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ABSTRACT: In this report, we demonstrate a semi-integrated electrical biosensor for the detection of rare circulating tumor cells (CTCs) in blood. The sample was first enriched through a combination of immunomagnetic isolation and size filtration. The integration of both methods provided a high enrichment performance with a recovery rate above 70%, even for very low numbers of cancer cells present in the original sample (10 spiked MCF7 cells in 0.5 mL of blood). In the same system, the sample was then transferred to a microchip for further magnetic concentration, followed by immunochemical trapping and electronic detection by impedance spectroscopy. Three levels of spiked CTC number (30±2, 124±29, 273±23) in 10 μL of filtered blood sample were distinguished by monitoring the impedance change of the microelectrode array (MEA). The integration of different functions in a single system provided a methodology to process milliliter-sized blood samples at the macroscale and interface with the microdimensions of a highly sensitive electronic detector. The results showed that the whole system was able to detect different levels of spiked cancer cells without the use of time- and cost-intensive fluorescence labeling and image analysis. This has the potential to provide clinicians with a standalone system to monitor changes in CTC numbers throughout therapy conveniently and frequently for efficient cancer treatments.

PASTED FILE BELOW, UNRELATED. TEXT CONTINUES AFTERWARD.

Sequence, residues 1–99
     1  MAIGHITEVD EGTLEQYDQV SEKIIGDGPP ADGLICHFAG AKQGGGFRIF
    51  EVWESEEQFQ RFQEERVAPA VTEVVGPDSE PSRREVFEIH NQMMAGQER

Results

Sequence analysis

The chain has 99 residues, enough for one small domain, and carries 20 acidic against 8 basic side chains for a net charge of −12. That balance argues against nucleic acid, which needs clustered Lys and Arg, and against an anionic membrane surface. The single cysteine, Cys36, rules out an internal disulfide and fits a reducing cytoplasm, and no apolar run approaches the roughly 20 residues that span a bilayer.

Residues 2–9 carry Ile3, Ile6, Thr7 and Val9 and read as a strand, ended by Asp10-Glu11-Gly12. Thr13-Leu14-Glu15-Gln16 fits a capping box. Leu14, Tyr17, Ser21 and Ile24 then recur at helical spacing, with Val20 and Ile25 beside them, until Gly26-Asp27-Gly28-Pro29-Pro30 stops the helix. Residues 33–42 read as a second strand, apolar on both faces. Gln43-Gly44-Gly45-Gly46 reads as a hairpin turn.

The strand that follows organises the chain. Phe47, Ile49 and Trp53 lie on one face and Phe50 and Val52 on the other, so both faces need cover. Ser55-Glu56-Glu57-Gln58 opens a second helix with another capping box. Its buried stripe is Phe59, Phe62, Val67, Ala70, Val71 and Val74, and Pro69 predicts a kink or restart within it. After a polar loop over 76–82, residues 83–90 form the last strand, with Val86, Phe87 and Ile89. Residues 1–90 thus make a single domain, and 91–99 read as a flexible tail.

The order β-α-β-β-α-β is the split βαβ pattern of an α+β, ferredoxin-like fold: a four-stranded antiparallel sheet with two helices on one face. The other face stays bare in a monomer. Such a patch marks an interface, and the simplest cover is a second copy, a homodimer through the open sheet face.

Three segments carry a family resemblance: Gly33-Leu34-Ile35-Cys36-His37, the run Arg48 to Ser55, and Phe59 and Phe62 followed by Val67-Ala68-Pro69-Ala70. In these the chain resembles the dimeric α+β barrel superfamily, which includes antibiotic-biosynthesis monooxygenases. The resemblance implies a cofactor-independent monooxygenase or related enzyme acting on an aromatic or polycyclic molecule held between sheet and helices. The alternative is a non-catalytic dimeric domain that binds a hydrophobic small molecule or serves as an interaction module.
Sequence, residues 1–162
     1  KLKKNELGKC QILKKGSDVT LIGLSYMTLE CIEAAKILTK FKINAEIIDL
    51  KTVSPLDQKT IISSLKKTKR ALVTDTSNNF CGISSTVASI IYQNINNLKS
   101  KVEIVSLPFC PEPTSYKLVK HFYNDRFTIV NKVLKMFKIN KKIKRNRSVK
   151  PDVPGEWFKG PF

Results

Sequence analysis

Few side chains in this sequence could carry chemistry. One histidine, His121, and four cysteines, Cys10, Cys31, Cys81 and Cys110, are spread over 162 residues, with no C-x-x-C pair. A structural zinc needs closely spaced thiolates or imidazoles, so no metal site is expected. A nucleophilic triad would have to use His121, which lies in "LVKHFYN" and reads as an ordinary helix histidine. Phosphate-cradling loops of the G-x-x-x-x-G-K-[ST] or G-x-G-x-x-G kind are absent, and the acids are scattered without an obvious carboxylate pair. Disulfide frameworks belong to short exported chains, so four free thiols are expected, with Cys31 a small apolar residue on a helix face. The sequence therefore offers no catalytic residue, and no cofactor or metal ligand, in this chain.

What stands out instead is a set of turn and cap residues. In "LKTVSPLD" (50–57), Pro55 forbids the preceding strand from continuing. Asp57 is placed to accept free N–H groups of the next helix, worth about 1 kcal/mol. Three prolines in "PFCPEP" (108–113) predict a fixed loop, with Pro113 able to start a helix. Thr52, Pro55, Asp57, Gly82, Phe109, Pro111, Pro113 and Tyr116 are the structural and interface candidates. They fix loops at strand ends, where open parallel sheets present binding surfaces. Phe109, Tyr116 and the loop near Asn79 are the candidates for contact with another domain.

Biosensors & Bioelectronics 01/2011; 26(5):2520-6. DOI:10.1016/j.bios.2010.10.048 · 6.41 Impact Factor